Quick, reliable information on the effects of drugs can sometimes be hard to come by if someone doesn’t know where to look. Illicit drugs are, of course, unsafe due to the uncontrolled way they are manufactured and used. However, it’s sometimes helpful to know about drugs and their effects so that people are informed of specific risks. One great service that we have found is from the Alcohol and Drug Foundation (ADF). The ADF work to prevent problems for alcohol and other drugs in Australian communities through an evidence-based harm minimisation approach. Their service, titled, ‘‘get the effects by txt’ and does the work for people to give them accurate information on the effects of drugs, fast.
Text message service on the effects of drugs
The SMS service is anonymous and works by texting the name of the drug that a person wants to find out about to 0439 TELL ME (0439 835 563). A text will be sent back with a summary about the effects of the drug and its potential harms. The texts also contain a link to the ADF website, where more comprehensive data can be obtained and the Directline phone number (1800 888 236) that provides confidential counselling and referral services.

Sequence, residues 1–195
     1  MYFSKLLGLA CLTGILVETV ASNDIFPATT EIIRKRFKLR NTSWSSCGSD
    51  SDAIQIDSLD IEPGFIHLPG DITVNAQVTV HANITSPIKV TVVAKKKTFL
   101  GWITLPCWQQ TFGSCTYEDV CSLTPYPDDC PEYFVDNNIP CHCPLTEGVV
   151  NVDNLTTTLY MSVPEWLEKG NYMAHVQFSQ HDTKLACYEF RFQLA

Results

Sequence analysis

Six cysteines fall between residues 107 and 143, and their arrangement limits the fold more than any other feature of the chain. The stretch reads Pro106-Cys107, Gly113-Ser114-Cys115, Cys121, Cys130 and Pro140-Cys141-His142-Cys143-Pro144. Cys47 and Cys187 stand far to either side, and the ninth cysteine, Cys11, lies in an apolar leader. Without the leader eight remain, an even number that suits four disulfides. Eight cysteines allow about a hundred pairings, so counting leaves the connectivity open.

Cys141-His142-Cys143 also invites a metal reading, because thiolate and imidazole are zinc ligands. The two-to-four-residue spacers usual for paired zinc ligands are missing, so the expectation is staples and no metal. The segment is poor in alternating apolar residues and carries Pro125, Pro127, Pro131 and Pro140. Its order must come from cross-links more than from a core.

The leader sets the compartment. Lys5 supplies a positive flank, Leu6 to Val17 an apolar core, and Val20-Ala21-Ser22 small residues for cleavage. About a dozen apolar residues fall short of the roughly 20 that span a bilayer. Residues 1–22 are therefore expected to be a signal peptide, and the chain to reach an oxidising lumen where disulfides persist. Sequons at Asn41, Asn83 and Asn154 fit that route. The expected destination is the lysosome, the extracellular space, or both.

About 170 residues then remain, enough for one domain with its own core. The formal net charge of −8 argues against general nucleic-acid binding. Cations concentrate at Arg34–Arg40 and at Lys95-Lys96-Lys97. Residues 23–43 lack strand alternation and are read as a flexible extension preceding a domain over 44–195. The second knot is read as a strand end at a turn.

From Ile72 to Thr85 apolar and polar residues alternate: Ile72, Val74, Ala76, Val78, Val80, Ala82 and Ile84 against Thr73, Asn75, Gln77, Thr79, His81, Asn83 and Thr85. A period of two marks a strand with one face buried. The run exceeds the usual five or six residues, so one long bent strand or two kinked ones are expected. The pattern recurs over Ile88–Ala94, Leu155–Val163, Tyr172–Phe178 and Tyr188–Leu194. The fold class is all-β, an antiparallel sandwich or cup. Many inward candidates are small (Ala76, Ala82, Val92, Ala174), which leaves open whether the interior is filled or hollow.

For example, if a text is sent with the term ‘ecstasy’ (or pills, E, molly, or any other street name), the return text reads “Ecstasy. Feel energetic, empathy. Increased temperature & heart rate. Dehydration risk. Comedown includes anxiety/depression. druginfo.adf.org.au. 1800 888 236”
This ‘quick and easy’ method gives people brief and unbiased information about the effects of the drug and potential consequences of taking it. While it is no substitute for comprehensive education and the short nature of the message does not allow the inclusion of very much information, it is a good starting point. Most importantly, it gives people tools to make a more informed choice about the effects of drugs they may be choosing to put in their body and support services to call if required.
Check out our Party Safe Education™ pages for more information about alcohol and other drugs for young people, parents and teachers.